Kenneth was also one of the precious few actors who's career spanned pretty much the entire run of the Carry Ons. He was there at the very beginning in Carry On Sergeant and, a five year gap in the mind 1960s aside, remained loyal to the films until the very end of the original run in 1978. Connor, along with Williams and Eric Barker were the only actors to appear in the very first and the very last of the series. Kenneth was still around when Columbus was made in 1992 but declined to take part, probably very wisely. This new series of blogs will be a celebration of all those wonderful comedy performances in the Carry Ons - from bumbling romantic lead through to crumbling character parts, Kenneth could play them all.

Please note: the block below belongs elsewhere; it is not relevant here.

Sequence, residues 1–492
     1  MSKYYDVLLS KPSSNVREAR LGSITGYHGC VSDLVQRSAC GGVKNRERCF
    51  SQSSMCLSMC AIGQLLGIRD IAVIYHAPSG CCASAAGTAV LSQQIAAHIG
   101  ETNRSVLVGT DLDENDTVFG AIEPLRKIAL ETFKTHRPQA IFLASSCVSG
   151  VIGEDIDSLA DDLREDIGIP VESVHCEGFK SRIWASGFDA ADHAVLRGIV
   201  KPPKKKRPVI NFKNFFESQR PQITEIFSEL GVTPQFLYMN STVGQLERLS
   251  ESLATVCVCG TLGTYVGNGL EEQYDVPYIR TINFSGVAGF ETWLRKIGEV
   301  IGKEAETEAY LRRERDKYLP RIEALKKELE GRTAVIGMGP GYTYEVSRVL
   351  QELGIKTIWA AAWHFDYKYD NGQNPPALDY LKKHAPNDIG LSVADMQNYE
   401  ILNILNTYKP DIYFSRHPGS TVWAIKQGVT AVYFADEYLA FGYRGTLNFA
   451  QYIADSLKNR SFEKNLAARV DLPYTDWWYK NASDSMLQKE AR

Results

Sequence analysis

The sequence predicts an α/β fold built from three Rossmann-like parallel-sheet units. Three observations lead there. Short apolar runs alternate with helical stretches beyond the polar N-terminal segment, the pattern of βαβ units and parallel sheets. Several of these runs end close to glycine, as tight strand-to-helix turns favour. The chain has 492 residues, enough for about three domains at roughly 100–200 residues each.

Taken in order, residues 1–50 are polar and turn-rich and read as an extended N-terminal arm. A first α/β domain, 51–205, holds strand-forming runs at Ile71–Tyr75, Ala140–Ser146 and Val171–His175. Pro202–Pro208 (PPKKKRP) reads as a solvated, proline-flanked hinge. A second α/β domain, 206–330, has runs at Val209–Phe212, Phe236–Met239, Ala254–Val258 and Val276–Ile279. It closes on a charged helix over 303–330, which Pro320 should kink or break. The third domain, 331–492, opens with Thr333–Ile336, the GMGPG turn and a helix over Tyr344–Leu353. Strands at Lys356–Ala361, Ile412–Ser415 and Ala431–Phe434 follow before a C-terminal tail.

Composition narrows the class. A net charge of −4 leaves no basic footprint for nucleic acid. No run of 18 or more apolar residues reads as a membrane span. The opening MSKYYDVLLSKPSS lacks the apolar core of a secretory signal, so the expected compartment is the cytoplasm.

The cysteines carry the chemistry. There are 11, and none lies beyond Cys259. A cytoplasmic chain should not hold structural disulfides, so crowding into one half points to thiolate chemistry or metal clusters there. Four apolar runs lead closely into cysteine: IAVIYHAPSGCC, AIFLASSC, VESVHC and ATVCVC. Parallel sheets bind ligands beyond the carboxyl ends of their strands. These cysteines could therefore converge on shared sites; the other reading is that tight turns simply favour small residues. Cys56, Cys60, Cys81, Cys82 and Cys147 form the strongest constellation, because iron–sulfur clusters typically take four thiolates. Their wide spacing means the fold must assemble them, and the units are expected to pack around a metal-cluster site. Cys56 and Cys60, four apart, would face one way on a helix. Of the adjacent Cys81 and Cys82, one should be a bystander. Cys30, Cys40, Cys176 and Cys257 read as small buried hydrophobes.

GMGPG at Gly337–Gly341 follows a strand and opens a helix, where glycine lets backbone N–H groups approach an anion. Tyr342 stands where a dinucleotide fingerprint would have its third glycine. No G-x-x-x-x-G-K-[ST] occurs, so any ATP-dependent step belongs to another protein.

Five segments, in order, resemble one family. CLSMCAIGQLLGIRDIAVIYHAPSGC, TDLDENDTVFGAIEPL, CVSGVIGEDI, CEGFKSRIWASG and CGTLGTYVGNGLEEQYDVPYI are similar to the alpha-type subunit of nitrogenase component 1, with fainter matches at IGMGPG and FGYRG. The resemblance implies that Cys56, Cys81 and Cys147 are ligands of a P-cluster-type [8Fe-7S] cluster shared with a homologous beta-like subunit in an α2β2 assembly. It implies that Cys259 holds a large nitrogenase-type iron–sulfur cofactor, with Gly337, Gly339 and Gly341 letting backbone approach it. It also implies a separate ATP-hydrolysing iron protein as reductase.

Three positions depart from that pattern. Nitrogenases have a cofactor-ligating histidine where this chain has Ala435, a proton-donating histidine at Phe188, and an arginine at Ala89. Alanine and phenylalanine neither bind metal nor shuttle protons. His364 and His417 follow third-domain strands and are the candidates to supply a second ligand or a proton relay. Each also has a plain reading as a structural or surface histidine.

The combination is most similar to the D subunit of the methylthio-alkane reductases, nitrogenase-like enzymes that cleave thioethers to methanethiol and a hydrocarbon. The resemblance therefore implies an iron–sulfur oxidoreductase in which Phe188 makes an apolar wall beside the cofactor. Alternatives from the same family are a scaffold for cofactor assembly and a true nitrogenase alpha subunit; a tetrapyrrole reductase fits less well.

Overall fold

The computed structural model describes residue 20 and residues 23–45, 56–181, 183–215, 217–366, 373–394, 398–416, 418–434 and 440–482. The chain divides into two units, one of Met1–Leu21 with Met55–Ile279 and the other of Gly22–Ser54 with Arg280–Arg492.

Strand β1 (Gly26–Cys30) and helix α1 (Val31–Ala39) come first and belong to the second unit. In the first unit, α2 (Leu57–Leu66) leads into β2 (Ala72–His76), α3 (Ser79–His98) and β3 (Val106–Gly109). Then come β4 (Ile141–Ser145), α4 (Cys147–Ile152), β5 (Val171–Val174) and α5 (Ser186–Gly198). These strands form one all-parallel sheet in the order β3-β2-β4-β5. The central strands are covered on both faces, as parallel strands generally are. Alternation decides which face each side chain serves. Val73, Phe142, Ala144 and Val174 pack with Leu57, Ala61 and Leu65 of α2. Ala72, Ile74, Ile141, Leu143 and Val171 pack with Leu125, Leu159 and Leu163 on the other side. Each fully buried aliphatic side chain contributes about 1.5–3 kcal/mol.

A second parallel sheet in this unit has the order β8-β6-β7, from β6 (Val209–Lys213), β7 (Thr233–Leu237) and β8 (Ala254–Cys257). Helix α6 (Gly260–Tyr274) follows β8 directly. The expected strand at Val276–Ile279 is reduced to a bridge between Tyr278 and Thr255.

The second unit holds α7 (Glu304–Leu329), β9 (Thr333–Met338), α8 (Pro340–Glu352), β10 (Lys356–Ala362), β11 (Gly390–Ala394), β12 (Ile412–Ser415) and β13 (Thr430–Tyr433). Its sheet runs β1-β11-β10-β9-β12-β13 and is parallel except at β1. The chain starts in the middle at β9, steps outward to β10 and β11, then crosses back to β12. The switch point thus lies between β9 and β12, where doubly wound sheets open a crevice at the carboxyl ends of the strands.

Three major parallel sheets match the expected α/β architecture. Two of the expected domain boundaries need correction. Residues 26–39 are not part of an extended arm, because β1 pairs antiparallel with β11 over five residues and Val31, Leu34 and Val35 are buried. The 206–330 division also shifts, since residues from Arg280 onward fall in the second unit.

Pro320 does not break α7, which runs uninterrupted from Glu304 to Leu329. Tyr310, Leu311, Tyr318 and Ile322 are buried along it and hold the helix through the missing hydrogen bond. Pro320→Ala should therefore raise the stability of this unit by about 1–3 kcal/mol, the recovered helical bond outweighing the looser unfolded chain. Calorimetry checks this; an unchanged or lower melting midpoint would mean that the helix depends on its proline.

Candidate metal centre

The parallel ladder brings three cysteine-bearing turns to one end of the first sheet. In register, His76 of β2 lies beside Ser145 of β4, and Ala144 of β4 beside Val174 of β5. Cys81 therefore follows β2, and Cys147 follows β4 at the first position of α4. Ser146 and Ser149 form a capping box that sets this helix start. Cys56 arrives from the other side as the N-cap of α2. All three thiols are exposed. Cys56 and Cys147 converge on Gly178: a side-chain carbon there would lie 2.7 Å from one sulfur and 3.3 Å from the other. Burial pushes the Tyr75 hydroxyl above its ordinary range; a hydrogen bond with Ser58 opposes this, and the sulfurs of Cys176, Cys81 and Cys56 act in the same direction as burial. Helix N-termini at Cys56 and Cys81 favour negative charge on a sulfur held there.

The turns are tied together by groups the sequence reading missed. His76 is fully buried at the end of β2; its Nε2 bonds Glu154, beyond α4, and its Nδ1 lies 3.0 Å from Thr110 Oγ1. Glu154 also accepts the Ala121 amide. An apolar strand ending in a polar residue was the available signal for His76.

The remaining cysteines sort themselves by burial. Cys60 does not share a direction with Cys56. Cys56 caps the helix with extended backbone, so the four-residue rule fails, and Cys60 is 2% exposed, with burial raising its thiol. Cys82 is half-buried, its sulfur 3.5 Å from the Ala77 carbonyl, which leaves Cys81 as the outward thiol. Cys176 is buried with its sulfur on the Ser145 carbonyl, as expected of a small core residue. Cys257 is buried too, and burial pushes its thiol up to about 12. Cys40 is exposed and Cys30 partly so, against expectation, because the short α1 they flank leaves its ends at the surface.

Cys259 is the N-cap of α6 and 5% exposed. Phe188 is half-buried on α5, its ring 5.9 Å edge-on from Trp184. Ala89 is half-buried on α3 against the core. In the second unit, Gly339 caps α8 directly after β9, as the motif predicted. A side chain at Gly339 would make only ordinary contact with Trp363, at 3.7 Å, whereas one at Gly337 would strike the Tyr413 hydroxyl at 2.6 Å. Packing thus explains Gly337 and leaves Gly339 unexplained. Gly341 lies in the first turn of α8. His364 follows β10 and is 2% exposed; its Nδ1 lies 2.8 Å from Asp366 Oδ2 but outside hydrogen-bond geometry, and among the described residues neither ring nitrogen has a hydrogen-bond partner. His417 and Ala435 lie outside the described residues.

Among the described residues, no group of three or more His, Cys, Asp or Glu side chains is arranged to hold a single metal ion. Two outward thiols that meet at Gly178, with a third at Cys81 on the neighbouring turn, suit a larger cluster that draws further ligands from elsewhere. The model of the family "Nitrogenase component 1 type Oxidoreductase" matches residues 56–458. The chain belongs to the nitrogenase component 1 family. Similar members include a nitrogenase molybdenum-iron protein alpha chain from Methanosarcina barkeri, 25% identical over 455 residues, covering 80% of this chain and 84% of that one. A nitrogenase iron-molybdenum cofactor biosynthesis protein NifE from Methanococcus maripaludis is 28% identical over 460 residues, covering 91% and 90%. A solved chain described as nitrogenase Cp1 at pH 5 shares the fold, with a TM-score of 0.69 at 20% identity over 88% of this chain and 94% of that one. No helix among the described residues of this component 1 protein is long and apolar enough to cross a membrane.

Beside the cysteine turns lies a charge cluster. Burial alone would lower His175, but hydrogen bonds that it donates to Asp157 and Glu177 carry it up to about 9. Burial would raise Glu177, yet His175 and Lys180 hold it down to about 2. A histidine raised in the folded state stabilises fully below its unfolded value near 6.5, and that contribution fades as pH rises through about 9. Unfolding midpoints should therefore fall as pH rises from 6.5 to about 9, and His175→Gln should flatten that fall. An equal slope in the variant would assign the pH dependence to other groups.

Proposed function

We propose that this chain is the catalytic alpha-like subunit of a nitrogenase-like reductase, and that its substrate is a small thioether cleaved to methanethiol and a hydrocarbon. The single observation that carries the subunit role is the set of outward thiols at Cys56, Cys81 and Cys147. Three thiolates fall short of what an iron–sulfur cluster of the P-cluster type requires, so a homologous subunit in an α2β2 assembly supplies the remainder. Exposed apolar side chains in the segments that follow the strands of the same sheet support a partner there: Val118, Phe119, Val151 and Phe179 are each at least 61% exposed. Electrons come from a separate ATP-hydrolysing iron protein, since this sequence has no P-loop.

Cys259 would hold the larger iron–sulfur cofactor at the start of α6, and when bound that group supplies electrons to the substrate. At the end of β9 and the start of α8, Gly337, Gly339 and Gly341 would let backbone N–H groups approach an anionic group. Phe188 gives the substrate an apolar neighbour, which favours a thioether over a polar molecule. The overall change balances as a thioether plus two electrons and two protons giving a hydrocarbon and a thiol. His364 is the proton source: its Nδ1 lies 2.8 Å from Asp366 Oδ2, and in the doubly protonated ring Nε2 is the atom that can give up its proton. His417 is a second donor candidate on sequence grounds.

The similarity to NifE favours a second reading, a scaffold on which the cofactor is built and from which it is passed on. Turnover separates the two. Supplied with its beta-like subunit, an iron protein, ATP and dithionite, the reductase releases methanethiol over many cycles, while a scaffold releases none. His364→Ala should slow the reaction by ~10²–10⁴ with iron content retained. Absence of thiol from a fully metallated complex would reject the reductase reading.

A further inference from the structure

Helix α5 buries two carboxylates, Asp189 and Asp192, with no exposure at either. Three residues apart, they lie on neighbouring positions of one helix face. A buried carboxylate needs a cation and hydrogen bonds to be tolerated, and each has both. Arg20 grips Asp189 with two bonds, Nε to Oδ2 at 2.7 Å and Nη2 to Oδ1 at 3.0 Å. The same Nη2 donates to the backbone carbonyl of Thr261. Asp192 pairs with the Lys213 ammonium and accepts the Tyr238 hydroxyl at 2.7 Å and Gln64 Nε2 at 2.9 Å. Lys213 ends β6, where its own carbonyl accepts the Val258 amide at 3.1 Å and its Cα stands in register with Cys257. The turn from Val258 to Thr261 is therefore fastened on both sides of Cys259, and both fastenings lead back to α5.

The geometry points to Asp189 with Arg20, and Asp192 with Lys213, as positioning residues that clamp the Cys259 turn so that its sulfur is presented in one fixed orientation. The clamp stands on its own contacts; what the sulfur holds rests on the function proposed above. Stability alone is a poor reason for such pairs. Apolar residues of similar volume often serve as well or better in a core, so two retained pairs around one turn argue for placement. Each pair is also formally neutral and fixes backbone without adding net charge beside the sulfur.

So let's start right back in 1958 with Carry On Sergeant. This film is quite unlike most of the others that followed. The National Service comedy is fairly down to earth, gentle fare and the comedy content is generally light on innuendo. It represented the austere, post war Britain and the main reason for its stunning success at the box office was that the vast majority of the cinema going public could easily identify with the characters on screen and the situations in which they found themselves. While much of the content of Sergeant is pretty much unrecognisable as a Carry On compared to the bawdy antics of later entries, some of the faces debuting here would become long standing series contributors. Along with Kenneth Connor we have Kenneth Williams, Charles Hawtrey and Hattie Jacques. All would be mainstays, returning again and again to Pinewood Studios for fun with Peter Rogers Productions over the next decade or so.